California municipalities already have some significant sway when it comes to shaping whether and how the cannabis industry will operate in their jurisdictions. And on Wednesday, Governor Jerry Brown signed into law a bill that adds to their powers. In addition to blocking permits and setting additional revenue taxes for cannabis businesses, California’s local jurisdictions now have the power to determine the venue for temporary weed events they approve.
California Cities Gain New Powers To Decide Fate of Temporary Weed Events
Prior to California’s landmark passage of Proposition 64 in 2016, the state was a destination for cannabis event-goers around the world. Legalization, paradoxically, has actually made cannabis events more difficult to pull off. Previously, temporary weed events had no rules, no regulations to follow. No permits or approvals to seek. They just happened anywhere they could, anywhere people were friendly and chill enough not to attract unwanted attention.
Now, however, cannabis events have laws, rules and regulations to follow and permits and approvals to get. Some top-tier events, like the High Times NorCal and Central Valley Cannabis Cups, have been able to negotiate for state and local approval to sell and consume cannabis. Other events like the Chalice Festival, however, could not secure local approval and had to cancel. The city that had hosted Chalice prior to legalization, Victorville, exercised its power to “strictly prohibit” temporary weed events.
And today, cities gained even more power to decide the fate of cannabis events. Rather than give local governments more power to restrict cannabis events, however, the new law lets cities that do choose to host events make them more accessible to attendees and vendors.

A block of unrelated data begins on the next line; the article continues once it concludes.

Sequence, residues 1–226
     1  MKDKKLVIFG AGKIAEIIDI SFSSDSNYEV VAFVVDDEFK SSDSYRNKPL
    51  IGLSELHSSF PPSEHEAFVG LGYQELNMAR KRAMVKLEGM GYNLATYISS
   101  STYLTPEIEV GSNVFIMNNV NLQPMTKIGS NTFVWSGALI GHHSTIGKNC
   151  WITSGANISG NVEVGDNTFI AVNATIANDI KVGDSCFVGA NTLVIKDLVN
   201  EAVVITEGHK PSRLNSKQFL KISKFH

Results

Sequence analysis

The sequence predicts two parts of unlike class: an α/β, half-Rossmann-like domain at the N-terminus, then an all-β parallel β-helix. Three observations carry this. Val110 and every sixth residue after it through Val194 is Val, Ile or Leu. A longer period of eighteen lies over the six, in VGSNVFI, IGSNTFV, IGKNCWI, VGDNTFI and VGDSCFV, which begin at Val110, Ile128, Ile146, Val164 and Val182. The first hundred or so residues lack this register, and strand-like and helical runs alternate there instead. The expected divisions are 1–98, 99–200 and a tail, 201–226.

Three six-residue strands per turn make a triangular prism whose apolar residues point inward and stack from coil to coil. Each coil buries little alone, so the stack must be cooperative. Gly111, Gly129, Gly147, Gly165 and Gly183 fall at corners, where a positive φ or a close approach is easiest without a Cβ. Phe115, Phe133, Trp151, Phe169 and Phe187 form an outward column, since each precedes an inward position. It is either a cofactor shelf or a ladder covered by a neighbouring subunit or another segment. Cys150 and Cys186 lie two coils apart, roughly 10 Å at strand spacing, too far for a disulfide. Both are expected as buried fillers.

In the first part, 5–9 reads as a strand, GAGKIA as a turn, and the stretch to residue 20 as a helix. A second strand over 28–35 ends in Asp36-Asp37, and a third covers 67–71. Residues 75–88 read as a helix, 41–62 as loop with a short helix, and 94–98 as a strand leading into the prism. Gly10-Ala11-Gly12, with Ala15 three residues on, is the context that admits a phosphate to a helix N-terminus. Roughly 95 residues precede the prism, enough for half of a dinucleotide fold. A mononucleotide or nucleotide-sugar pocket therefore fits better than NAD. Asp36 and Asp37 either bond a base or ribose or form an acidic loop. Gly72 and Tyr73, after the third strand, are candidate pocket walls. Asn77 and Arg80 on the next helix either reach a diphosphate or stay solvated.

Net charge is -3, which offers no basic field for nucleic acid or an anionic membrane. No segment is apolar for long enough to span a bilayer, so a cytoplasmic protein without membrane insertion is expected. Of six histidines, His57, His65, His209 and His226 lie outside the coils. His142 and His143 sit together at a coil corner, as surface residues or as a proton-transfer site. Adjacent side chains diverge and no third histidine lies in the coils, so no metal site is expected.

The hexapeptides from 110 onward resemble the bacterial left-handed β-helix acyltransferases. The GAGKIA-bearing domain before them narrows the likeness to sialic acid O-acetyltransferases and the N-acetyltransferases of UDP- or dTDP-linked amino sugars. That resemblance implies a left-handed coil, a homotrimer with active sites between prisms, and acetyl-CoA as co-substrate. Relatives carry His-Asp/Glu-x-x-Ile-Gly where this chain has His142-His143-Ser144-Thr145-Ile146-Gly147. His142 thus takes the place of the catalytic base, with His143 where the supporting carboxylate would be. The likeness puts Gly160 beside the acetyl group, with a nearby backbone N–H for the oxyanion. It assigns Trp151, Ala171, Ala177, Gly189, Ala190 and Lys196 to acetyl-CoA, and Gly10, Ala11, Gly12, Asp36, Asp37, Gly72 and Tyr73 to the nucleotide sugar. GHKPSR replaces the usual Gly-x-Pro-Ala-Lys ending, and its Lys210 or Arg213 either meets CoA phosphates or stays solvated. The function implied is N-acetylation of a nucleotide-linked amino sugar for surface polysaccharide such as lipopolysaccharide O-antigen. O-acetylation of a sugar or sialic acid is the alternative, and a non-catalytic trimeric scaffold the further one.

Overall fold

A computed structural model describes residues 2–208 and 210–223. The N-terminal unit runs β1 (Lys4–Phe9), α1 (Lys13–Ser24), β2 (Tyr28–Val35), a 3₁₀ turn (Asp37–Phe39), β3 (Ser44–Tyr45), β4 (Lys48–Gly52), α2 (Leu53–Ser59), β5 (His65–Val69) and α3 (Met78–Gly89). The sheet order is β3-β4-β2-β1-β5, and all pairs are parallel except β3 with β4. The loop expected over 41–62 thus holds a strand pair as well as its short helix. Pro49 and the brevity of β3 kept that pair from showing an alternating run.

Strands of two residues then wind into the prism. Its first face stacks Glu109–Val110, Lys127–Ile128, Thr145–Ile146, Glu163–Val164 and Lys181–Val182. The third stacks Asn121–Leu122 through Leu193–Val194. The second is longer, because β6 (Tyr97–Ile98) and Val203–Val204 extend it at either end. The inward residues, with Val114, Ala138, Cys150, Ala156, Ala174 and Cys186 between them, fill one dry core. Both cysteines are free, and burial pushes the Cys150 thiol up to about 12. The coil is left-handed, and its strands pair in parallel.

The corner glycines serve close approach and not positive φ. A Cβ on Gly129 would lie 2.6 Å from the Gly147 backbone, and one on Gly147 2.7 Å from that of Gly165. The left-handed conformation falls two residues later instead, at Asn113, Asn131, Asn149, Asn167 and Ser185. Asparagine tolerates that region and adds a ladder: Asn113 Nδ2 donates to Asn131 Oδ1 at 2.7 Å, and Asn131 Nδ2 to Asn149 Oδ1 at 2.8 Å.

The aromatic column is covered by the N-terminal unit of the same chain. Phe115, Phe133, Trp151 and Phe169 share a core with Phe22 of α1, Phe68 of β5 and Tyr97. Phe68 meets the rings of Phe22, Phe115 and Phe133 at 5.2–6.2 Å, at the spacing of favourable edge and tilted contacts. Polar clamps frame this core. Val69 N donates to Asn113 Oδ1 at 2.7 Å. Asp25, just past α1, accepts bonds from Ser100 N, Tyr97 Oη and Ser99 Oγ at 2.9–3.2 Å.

Cities Can Now Choose Any Venue for Temporary Weed Events
One of the difficulties event planners faced was a statute in the state’s cannabis laws. This rule prohibited local authorities from approving licenses for cannabis sales at special events unless they were held on county fairgrounds. To allow cities to hold temporary weed events at other venues, Assemblymember Bill Quirk (D-Hayward) introduced AB 2020. AB 2020 allows local governments to approve cannabis event licenses of any kind at any venue they wish to permit. Governor Jerry Brown signed AB 2020 into law on Wednesday.
Now, cities looking to benefit from the fiscal and social benefits of cannabis events can make them easier to attend. In many California counties, fairgrounds are hundreds of miles away from population centers. They can take hours to get to and can provide limited amenities for event-goers. Now, cities can better coordinate with event planners to provide the most enjoyable experience for attendees and vendors alike. Overall, the law makes it easier for cities to choose to take part in the industry. In the words of Assemblymember Quirk, cities now have “more autonomy.”
AB 2020 still has restrictions against unlawful or unpermitted activity at temporary cannabis events. Law enforcement and the Bureau of Cannabis Control have authority to revoke permits and end events if there are violations. Adhering to regulations regarding secondhand smoke is likely to be one of the tougher issues events will have to manage.